Peter Sinclair has broken up with his girlfriend, lost his job, and is miserable. He has moved from London to the country to renovate a house for a family friend while he tries to rebuild his life. He starts to write a book about…
Peter Sinclair has won the lottery and left his home city of Jethra to travel across the impossibly vast Dream Archipelago to undergo an operation that makes him immortal. He carries with him a book about a version of himself living in an imaginary city called London…
At the start of the book, it appears clear that the first Peter’s world is reality and the other is a wish-fulfilling fiction, but these two worlds merge and interact to the point that initial perception is challenged. What you have here is effectively a rolled cake of two realities then sliced in such a way that you can see the distinct layers but not the swirl.
And the jam in between these layers is absolutely packed with scrumptiousness. This book has a lot to say about the nature of creativity, memory, and the perception of reality. Is an imagined London any more real than an imagined Jethra simply because a physical version of the former exists?
There are surprises and revelations throughout the book, both stories are engaging, but it’s best to approach the book with dream-like acceptance. Don’t get too hung up on teasing the two threads into something clinically logical, but instead delight in their entwining. The ending is absolutely perfect for the book. It ends like a dream.
January has arrived so it’s time to review 2016 and look forward to what’s coming up this year. Last year struck me as a very long year, probably the longest year of my life. Much was achieved. I published the second part of the Golden Rule Duology, The Unconquered Sun, last February. I also published two short stories, The Fate Healer and The Murder Seat. A third short story, No Escape, will be released on all platforms at some stage next week. (I can’t give an exact date due to the complexity of working through aggregators and so on.)
Of course, the published works are but the visible part of my writing endeavours. I wrote 1st drafts of four novels last year. My primary goal this year is to publish the first of these, codenamed somewhat ludicrously Spaghetti 1. Of course means it will have to reach a publishable standard. I should have the 2nd draft completed in the next three weeks.
The 2nd draft in many ways is harder than the first, because the blurry half-ideas that drifted in and out of the story on a sporadic stream of consciousness have to be sorted, graded, tossed aside where found to be utter rubbish, polished, and pinned to a cohesive structure. Of course, there are whole sections where the 2nd draft really is another 1st draft.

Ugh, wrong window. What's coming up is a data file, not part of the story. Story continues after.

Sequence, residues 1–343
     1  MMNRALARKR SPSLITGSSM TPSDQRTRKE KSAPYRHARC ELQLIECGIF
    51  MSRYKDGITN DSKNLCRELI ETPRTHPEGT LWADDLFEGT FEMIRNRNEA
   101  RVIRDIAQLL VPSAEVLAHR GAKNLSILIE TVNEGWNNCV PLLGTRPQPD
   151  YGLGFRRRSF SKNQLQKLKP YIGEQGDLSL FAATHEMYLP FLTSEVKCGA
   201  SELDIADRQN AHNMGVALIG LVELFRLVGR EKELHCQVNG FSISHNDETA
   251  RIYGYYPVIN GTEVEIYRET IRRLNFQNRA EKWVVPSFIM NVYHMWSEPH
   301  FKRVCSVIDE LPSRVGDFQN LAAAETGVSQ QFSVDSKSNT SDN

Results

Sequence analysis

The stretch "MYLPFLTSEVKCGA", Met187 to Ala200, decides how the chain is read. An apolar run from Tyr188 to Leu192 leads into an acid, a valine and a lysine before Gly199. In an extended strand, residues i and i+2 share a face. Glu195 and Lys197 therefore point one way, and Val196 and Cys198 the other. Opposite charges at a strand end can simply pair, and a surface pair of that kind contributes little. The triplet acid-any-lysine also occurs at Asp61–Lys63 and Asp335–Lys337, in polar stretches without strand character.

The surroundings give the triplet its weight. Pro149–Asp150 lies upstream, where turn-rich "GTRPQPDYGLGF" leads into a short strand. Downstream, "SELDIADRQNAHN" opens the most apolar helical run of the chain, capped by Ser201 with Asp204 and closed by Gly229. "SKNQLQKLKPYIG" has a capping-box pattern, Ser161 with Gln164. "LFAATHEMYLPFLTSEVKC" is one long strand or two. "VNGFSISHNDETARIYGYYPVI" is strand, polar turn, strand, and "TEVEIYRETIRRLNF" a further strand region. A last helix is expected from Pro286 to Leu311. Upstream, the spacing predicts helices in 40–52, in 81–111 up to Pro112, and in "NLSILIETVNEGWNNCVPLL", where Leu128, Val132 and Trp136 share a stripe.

However, at this stage, I feel comfortable saying that the 2nd draft is a massive improvement on the 1st draft. It still needs a lot of work before it’s even ready for beta reading. I want to make it as good as I can before I submit it to the critical eyes of others. There’s no point ignoring your own intuition on plot holes only for these issues to become the focus of others’ critiques. I can’t remember any time where I doubted about a certain issue where that doubt wasn’t later proven to be justified. I want the beta readers to tell me I’m wrong in new and surprising ways!
Behold the winning cover my new short story, No Escape. It’s by Ivan Cakic (Cakamura Art Studio). For me, he really captured the essence of the story. The face of the main figure is particularly mesmeric.
I can’t wait to hit to the publish button in mid-January. It’ll be available on Amazon, iBooks, B&N, etc. Here’s the blurb.
A desperate warrior carries a baby girl across a foreign desert. Although truth and honor are tattooed on his cheeks, Tharo has abandoned both virtues in his quest to protect his charge. But it’s only a matter of time before he fails her. Another man stalks them, a hunter no prey can escape, the dreaded Souldiviner.
The Golden Rule novels and associated short story, The Parting Gift, are now available on Smashwords, Barnes & Noble, Kobo, iBooks, and other stores. The Parting Gift, which is a standalone set in the same world, will be free until further notice, so this is your chance to dip your toe in the water so to speak if you haven’t done so already.
Ariane Emory runs Reseune, the only cloning lab on Cyteen, with an iron fist. Her directorship makes her one of the most powerful people on the planet. When Jordan Warrick falls foul of her, his son Justin and his azi ‘brother’ Grant become pawns in her efforts to control him.
This book took me four years to read. Obviously, I didn’t actually spend four full years reading it. I started it, put it down several months, picked it up again, read some more, ignored it for another couple of months and so on. The politics at the very start is bewildering and I just couldn’t connect emotionally with Justin and Grant’s plight. The writing was very good but I found the conversations very repetitive. After I noticed a pattern to many of them, I couldn’t unsee it.
The book really only gathered momentum for me when the second Ari entered the story. Her manipulation by her uncles, her gradual realization of who she was, and her struggle for identity engaged me. In fact, this might be terribly blasphemous, but I think if the story had started with her, I would have enjoyed it much more.